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Partner and Head of Family Law, Rugby
At the moment it’s all speculation but with new information emerging on a daily basis, the interest in Volkswagen shows no sign of letting up. Here at Brethertons we’ve been speculating about where this could all end and the answer appears – universally – to be ‘in litigation’.
Leaving aside any regulatory penalties or sanctions which might be imposed, there are a number of claims which can be brought against a company or (by some groups) its directors in these types of circumstances.
Claims by customers are most likely to be claims for breach of contract with the remedy being damages. The rules are set out in the Sale of Goods Act 1979 which states that damages will be an amount equal to the estimated loss directly and naturally resulting, in the ordinary course of events, from the breach of warranty [that the goods were as described]. As damages for non-monetary losses are generally barred, it remains to be seen whether claims for other losses (such as loss of enjoyment) will be recoverable.
Business Customers – in the case of VW, Dealerships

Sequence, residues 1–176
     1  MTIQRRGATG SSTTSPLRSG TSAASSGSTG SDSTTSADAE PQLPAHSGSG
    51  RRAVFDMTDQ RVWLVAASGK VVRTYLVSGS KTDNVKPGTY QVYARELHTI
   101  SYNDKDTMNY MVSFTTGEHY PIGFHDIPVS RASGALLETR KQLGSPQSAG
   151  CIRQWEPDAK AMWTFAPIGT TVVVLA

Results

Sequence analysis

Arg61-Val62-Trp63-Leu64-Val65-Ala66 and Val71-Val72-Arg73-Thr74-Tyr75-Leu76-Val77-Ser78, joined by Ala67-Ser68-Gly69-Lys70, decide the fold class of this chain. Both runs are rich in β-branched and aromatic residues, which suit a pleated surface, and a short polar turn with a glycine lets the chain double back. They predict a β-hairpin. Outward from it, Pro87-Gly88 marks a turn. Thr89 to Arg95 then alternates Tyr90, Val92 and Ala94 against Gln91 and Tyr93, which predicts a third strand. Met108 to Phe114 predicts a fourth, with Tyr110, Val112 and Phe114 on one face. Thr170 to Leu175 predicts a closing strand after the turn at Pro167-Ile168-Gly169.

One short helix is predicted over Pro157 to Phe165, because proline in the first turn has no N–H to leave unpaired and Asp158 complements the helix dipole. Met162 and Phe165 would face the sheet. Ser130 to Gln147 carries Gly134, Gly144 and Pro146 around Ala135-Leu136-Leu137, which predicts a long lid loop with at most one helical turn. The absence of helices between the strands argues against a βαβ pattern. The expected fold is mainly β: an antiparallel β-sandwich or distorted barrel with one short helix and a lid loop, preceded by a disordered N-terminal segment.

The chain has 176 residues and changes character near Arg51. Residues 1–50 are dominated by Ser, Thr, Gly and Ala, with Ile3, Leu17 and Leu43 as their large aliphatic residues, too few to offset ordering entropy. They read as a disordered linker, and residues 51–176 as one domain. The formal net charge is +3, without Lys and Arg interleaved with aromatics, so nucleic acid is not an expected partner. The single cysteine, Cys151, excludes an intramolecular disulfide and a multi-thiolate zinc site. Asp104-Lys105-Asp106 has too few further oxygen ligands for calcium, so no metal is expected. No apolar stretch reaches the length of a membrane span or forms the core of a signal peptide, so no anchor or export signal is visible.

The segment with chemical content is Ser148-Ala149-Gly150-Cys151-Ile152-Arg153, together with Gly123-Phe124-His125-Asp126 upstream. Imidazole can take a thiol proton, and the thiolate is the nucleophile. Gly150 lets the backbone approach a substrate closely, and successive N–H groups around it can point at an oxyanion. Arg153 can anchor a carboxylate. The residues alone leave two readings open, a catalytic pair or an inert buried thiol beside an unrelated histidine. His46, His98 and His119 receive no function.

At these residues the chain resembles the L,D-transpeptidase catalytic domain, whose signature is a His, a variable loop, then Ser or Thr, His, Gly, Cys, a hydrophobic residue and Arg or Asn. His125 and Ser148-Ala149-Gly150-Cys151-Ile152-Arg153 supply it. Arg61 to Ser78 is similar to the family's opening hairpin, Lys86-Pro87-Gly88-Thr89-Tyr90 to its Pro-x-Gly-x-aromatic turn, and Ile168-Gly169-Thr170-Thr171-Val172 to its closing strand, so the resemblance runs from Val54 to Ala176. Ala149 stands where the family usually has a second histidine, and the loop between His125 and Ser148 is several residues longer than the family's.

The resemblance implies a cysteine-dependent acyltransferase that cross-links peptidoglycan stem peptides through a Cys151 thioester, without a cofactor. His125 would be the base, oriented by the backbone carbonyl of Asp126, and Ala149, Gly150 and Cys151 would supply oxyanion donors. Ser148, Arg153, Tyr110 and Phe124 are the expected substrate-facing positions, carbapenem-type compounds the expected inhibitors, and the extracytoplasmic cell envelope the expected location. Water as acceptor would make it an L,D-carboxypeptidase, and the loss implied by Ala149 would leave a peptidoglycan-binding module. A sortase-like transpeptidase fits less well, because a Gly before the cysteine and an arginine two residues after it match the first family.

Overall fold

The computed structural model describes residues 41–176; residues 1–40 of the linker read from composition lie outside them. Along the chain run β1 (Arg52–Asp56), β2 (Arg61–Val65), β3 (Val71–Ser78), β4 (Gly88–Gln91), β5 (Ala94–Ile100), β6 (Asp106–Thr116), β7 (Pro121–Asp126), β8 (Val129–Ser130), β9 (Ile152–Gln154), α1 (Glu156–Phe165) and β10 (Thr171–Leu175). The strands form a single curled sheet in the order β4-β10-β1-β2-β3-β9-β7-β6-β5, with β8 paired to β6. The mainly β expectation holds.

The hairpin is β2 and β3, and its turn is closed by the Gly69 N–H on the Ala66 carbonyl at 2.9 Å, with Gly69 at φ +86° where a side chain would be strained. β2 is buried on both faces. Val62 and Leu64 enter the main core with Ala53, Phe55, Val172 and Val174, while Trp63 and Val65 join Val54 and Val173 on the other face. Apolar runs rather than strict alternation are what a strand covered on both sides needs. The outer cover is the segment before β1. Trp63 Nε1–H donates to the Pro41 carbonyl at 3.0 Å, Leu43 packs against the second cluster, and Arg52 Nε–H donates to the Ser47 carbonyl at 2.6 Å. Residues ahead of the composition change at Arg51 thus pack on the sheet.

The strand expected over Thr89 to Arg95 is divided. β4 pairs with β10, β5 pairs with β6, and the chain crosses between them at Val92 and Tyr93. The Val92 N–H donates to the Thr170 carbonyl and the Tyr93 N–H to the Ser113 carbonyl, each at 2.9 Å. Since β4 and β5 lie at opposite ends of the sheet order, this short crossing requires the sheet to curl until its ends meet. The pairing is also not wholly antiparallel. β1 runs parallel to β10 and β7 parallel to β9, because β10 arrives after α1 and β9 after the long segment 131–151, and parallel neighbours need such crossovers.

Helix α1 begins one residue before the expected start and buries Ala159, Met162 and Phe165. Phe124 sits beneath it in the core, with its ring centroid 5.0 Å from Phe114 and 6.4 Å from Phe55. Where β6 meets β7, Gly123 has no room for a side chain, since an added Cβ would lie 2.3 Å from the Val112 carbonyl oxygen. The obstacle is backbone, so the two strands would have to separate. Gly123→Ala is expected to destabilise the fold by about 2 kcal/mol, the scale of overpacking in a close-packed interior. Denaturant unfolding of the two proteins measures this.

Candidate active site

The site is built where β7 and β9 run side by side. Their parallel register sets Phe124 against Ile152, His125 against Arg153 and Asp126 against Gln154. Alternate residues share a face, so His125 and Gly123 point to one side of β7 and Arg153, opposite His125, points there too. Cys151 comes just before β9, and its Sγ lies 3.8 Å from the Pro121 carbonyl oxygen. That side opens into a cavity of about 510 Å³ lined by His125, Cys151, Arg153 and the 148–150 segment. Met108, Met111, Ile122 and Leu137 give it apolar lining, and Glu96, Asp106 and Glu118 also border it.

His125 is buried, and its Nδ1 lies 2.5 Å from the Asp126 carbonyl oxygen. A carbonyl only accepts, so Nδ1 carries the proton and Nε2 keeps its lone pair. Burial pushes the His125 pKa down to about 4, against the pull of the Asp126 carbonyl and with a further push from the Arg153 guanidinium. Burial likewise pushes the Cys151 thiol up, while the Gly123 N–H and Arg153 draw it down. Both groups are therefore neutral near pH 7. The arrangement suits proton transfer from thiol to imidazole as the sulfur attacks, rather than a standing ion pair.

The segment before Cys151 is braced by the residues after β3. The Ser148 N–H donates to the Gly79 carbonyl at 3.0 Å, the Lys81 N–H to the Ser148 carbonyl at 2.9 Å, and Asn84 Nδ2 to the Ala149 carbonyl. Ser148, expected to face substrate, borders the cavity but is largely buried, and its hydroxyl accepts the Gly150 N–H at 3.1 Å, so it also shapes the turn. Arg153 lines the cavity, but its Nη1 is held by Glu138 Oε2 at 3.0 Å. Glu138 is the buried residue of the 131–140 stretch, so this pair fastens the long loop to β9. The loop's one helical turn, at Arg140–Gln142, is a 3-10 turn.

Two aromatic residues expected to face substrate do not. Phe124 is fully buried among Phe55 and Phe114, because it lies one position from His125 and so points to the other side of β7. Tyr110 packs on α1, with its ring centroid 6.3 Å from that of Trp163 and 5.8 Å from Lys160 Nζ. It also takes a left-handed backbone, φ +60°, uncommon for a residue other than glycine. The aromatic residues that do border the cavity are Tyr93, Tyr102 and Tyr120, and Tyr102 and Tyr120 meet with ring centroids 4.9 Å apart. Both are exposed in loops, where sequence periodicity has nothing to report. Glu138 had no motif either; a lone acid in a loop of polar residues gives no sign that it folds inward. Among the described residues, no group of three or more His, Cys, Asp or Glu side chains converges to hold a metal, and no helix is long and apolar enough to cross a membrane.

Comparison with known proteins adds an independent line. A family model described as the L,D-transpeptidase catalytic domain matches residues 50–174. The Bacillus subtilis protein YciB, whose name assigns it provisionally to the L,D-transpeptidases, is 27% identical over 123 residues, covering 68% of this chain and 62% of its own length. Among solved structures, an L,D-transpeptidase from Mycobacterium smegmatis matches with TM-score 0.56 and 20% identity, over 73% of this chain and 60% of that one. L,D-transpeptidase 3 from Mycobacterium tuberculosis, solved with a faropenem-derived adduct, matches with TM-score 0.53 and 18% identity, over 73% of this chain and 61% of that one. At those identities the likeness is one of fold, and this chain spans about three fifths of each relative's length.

Even more pertinent to dealers than customers is the effect that the scandal is likely to have on the company’s reputation. Loss of reputation leads to lower sales and dealerships could struggle in the coming months as this scandal plays out. They might yet have a cause of action against VW for breach of the contract under which VW supplies the cars to the dealers. Much may depend on the terms of those contracts but, again, the claim is likely to be for economic damages.
With the loss of reputation, VW’s shares have taken a dive in value – 30% at the time of writing. When this happens, shareholders often wish to bring a claim.
In the UK, the claims available to a shareholder in these circumstances are set out in the Companies Act 2006 (CA 2006) and include:
• The presentation of an unfair prejudice petition under section 994 when the affairs of the company are being conducted in a manner that is unfairly prejudicial to the member's interests as a member.
• The bringing of a derivative action under section 260 for an alleged breach of the codified directors' duties under Chapter 2 of Part 10 of the CA 2006.
Both of these claims, along with the other remedies available to shareholders under the CA 2006 or the Insolvency Act 1986, give shareholders of any company powers over the directors who, otherwise, have almost complete control over the day-today management of the company. They are therefore always worth bearing in mind if you’re the shareholder of a company with an errant board of management.
If you would like advice please contact our team.